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Parviz Malakouti-Fitzgerald, Esq.

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  • Writer's pictureParviz Malakouti-Fitzgerald, Esq.

Denied from a Military Base Due to FBI Background Check (Mini Case Study) 

By Parviz Malakouti-Fitzgerald, Esq.

Many U.S. military bases run a background check on visitors before they're allowed to enter


I had a client who was invited to visit a U.S. military base.


In preparation for that visit, the base authorities ran a background check on him (an FBI background check), which revealed a juvenile record. My client was denied the ability to visit, and he was very embarrassed. 


Article Outline:



There are many other people in a similar situation. If you're one of them, this mini case study might be informative.


What Happened?


What showed on my client's FBI Background check was incomplete information from an arrest he had as a juvenile over 10 years prior.


Since that arrest, the case had gone to a final disposition and THEN even been sealed in court years later. 


So why did the record show up on his record? 


The juvenile arrest showed up because the FBI CJIS did not receive the updated record (the sealing order), or even the final outcome of the case after the arrest. For the FBI CJIS to update its record, the criminal record repository in the state in which my client had the juvenile record had to communicate the change to the FBI CJIS. 


I explain how the multi-step process works in this article


How Did This Happen?


Unfortunately, this failure of the FBI CJIS to be updated happens all the time. It results in the FBI background check not showing the most recent events in the criminal case. 


Many people are arrested, charged, negotiate a plea bargain, are convicted then get an expungement and even years later, their FBI Background Check still only shows the initial arrest data and nothing else. 


To an average person reading the FBI Background Check, it can even look like the case is still open. This is obviously terrible if you're relying on that FBI Background Check to try to get some benefit like a second citizenship or some clearance, like my client. 


After getting the a record sealed, or a conviction expunged, vacated, expuncted or dismissed,, you oftentimes must get the FBI CJIS to update their records (if allowed by law, depending on the state of your conviction) in an additional separate process. 


The vast majority of Americans with a misdemeanor or felony conviction are not aware of this. 


The Solution - Update the Record

Solution - Update the FBI record if possible


Here's what the solution was for my client, and for many people in the same situation: 


Step 1 - Order the state-level background check (to review);


Step 2 - Challenge the state-level background check results with a challenge packet showing the conviction, post-conviction relief, the previous un-updated report, and an explanation;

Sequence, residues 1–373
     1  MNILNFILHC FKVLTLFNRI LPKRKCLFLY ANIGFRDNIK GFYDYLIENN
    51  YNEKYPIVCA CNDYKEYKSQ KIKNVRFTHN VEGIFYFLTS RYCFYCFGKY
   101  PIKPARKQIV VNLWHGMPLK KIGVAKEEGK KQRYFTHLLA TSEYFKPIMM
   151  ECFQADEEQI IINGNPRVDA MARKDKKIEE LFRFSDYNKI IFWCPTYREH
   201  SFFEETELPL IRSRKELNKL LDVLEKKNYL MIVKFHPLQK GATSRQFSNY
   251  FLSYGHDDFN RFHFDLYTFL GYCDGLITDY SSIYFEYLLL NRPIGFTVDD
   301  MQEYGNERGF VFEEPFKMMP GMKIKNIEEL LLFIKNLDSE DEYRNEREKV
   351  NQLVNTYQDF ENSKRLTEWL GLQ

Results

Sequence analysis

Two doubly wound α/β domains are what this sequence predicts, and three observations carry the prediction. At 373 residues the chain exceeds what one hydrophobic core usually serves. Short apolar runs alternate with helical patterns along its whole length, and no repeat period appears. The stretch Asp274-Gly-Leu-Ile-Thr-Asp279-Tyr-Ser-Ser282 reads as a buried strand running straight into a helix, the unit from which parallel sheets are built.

Step 3 - Request the state-level criminal record repository report the updated information to the FBI CJIS 


Step 4 - Get confirmation of state-level criminal record repository updating the FBI CJIS


Step 5- Order the FBI Background Check (for review) to make sure the change was made


If everything goes according to plan, the FBI background check will be updated to reflect the latest post-conviction relief on the criminal case. 




FBI Background Check for Freedom of Movement (Dual Citizenship) 


The example above is just one reason a person would want their FBI Background Check to be up to date after getting an expungement, record sealing or other dismissal. 


There are many other reasons as well.


As an American applying for residency or citizenship elsewhere, you'll probably have to submit an FBI Background Check.


If you have a conviction or any criminal record, you're probably gonna wanna know what shows on your FBI Background Check ahead of time. And if you get that conviction expunged (in states where that's possible) or dismissed for any other reason, you're going to want to make sure the FBI Background Check reflects this fact if possible under law


We can help you do this for California convictions, and possibly some other states as well. 



Consult with Malakouti Law


Malakouti Law is a global mobility and dual citizenship law firm. We help people get second citizenship.


Book a consultation here.


Each immigration and citizenship case is particular and you should consult with a qualified immigration and citizenship lawyer about your case before taking any steps. The Law Office of Parviz Malakouti does not guarantee the accuracy of information presented nor assume responsibility for actions taken in reliance of this information. The information in this page could become outdated. Attorney marketing. 

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